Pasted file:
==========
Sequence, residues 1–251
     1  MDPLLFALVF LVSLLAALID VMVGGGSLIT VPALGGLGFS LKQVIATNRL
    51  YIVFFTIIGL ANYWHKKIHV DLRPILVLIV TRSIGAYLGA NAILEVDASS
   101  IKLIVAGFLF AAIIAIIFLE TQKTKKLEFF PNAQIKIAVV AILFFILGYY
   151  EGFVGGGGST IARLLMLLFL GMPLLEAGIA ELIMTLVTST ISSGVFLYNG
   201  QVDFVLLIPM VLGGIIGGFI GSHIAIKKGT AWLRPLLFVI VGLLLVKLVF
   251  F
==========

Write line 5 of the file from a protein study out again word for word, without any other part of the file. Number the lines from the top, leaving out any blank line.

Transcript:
   151  EGFVGGGGST IARLLMLLFL GMPLLEAGIA ELIMTLVTST ISSGVFLYNG